The United States presence in the Middle East indicative of executive overreach

Photo by Maxim Potkin on Unsplash

On Jan. 3, on the orders of the President of the United States, a drone strike assassinated Iranian General Quasem Soleimani and nine others at Baghdad’s International Airport in Iraq.  The attack was conducted without explicit Congressional authorization and absent even notification of Congressional leaders such as House Speaker Nancy Pelosi.

Soleimani, considered among the most powerful figures in Iran, was the leader of Iran’s Quds Force, which handles military operations abroad as well as clandestine ones. Soleimani had deep connections with a number of Iranian-backed proxies throughout the Middle East and was considered one of the principal architects of Iran’s foreign policies, especially in the Middle East. Many of the proxies Soleimani had ties to have been designated terrorist organizations by the United States, as has the Quds Force itself.

Soleimani has long been on America’s radar. Presidents George W. Bush and Barack Obama both declined to authorize strikes on him. Soleimani was undoubtedly a foe of America and responsible for the deaths of a number of Americans through operations he organized, financed, and directed through his proxy militias. But the former presidents reasoned that his assassination would likely serve to substantially inflame tensions between Iran and the United States and threaten retaliatory action that would result in more American deaths. 

The fallout of the attack was stunning. The Iraqi Parliament, outraged at what they considered a breach of their sovereignty, passed a nonbinding resolution to expel U.S. service members from Iraq. The coalition fighting against ISIS was forced to suspend operations for fears of retaliatory attacks on their personnel. The United States and the Islamic Republic of Iran were launched into dangerous escalation, with many scholars arguing that the killing constituted an act of war by the United States.

Though since then both the United States and Iran seem to have taken steps to de-escalate the conflict, it still should be shocking that the United States lurched onto the precipice of war with a U.S. military strike while most of Congress, including Congressional leaders, were uninformed.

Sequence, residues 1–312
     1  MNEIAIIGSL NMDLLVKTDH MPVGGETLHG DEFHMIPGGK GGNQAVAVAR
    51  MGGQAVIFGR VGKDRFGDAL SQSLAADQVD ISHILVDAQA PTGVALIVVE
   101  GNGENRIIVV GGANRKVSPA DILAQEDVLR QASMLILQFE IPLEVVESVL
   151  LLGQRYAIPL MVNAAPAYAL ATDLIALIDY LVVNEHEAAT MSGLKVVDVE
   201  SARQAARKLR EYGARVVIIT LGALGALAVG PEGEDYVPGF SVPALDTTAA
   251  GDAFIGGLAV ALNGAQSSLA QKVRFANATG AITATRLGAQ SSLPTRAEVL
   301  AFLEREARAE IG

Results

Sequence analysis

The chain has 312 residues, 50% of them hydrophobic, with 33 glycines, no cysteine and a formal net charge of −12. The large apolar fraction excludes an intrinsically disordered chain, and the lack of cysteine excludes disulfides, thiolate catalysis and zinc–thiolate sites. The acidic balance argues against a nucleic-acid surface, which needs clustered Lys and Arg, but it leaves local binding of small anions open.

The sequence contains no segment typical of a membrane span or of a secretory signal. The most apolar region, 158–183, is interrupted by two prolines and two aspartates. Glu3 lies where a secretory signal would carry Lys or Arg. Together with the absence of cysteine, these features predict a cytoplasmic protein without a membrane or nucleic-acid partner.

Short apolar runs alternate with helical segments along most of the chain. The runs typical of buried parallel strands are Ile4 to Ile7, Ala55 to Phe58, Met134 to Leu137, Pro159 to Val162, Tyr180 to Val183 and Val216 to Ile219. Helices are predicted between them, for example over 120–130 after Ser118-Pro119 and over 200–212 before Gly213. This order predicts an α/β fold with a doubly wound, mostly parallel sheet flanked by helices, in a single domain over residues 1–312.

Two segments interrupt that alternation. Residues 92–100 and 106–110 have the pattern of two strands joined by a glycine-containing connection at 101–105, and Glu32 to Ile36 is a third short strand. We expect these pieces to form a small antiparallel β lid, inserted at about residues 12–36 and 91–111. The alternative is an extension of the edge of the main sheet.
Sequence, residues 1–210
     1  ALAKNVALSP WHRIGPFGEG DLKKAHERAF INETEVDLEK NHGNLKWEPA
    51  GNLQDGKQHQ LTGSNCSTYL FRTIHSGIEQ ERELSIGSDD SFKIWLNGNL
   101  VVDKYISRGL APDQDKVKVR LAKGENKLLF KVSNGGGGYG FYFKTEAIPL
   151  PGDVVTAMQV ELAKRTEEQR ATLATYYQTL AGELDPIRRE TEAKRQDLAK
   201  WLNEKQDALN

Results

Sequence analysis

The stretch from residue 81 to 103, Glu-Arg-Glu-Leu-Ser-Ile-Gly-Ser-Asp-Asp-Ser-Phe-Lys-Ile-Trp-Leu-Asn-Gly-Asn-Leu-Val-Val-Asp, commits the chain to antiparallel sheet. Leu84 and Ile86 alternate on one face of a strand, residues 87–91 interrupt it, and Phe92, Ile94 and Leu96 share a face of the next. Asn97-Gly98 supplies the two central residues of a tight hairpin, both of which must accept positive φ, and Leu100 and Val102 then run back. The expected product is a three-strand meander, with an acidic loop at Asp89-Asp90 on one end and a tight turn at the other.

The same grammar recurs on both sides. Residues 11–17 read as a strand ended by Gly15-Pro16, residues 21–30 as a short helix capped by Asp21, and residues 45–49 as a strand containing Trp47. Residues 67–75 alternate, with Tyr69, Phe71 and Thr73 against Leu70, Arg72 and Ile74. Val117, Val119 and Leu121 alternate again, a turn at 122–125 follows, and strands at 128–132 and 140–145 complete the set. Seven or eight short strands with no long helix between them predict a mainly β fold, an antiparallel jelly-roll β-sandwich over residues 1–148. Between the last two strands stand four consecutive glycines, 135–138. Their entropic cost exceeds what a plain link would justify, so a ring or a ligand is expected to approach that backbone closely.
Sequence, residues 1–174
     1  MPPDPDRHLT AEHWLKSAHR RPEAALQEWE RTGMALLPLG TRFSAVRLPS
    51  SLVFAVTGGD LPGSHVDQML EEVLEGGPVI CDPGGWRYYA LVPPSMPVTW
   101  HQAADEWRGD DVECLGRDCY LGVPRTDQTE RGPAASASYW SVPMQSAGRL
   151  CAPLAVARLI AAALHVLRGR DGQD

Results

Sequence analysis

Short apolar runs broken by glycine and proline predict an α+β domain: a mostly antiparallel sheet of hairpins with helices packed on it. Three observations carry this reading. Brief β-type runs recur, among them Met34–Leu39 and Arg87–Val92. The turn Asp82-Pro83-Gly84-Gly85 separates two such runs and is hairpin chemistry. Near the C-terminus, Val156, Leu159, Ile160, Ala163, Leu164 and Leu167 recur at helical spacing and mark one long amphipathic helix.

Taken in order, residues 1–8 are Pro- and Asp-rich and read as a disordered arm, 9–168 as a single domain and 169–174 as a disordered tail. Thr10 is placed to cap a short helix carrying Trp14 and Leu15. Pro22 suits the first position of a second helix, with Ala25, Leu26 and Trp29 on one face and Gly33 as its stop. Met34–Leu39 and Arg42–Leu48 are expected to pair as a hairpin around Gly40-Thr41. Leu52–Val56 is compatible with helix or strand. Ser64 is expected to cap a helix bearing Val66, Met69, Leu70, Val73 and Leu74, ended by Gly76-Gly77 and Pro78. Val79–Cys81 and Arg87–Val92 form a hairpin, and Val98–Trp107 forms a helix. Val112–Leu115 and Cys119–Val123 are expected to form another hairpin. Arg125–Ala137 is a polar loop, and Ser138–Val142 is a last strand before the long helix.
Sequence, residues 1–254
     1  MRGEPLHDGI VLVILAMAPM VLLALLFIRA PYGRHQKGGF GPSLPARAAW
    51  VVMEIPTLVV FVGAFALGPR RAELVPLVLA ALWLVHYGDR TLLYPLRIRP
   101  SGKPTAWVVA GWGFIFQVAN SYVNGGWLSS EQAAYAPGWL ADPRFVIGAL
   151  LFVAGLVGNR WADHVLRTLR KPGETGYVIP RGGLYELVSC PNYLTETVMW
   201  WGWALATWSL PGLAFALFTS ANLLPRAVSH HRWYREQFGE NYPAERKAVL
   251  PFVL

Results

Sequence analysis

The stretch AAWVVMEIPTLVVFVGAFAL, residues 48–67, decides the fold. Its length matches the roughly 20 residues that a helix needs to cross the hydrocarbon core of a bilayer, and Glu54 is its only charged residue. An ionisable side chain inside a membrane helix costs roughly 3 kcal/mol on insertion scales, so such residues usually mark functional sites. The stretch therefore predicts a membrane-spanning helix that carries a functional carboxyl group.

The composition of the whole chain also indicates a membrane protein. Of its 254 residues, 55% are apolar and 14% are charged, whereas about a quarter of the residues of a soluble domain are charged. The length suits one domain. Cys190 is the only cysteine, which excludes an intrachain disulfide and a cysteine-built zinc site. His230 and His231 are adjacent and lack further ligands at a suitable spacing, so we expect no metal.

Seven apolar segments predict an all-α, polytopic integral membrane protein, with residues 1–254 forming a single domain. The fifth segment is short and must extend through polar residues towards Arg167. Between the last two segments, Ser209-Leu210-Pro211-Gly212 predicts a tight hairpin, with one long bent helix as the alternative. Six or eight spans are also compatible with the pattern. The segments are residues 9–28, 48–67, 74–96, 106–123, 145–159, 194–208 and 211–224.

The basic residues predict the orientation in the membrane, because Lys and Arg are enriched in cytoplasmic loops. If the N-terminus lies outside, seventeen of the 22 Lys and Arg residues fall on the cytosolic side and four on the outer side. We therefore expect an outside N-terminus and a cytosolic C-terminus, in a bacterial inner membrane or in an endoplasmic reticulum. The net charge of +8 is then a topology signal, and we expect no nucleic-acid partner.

In the aftermath with Congress, the media and publc demanding answers, the Trump Administration provided a shifting set of responses before ultimately settling on the president’s Article II Commander-in-Chief powers to respond to imminent threats as a basis for the strike. However, administration officials contradicted one another and offered differing explanations on the nature, timetable and scale of the purportedly imminent attack. 

This justification was signified by the administration sending a notification to Congress pursuant the War Powers Act of 1973.  The report remains classified but reportedly members of Congress who have seen it and attended a subsequent briefing on the strike were left unimpressed

This action has reignited many debates in the United States ranging from the need to repeal the Authorized Use of Military Force (AUMF) of 2001 and 2002 to what is the strategic vision and priorities of the country in the Middle East and how it should. be involved in the region. These are important and legitimate debates to have, but what should not be lost in the shuffle is that even if the AUMFs were repealed, this strike still could have gone forward, as the Trump Administration asserted Article II powers instead of statutory authority. 

Thus, in examining how the United States came to stand on the precipice of war, one must examine Article II. This article of the Constitution outlines the powers of the presidency and has been at the center of several of the most notable controversies in the Trump Administration, from the Mueller investigation to the Trump-Ukraine scandal. 

“Then I have an Article II, where I have the right to do whatever I want as president,” Trump has notably asserted,  

This is a position legal scholars have roundly rejected, citing sections of Article II itself as well as Article I and Article III. 

However, presidents asserting an expansive view of Article II, commonly called the Vesting Clause Thesis or the Royal Residuum theory, is not a new phenomenon. It has been central in the development of the Imperial Presidency, and presidents of both parties have been aggressive in advocating for it to enhance the authority of the presidency. 

In this view, the president has a vast reservoir of powers that give them unrivaled preeminence in matters like national security and foreign affairs. This theory, while always controversial, has gained ascendancy in the public imagination since the Second World War. 

Concern over presidential power in this realm and the president’s ability to entangle the United States in conflicts abroad with limited or no congressional authorization has been a perennial worry, especially since the Vietnam War – prompting erratic action by Congress such as the War Powers Resolution of 1973 to try to constrain the presidency. 

The steady evisceration of democratic norms and traditions by the Trump Administration presents an opportunity to seriously reexamine this thesis. Whenever the Trump presidency ends and the task of rebuilding, repairing and strengthening America’s democratic institutions and norms begins in earnest, it will be worth reviewing the Vesting Clause Thesis to answer two primary questions: Were the framers, who had just fought a war against King George III and were adamantly against a single figure having the power to launch the nation into conflict, seriously intending to set up a system of governance in which the presidency had such immense powers in foreign affairs? If they did, is such a policy desirable after seeing the extreme degree it can be carried to?

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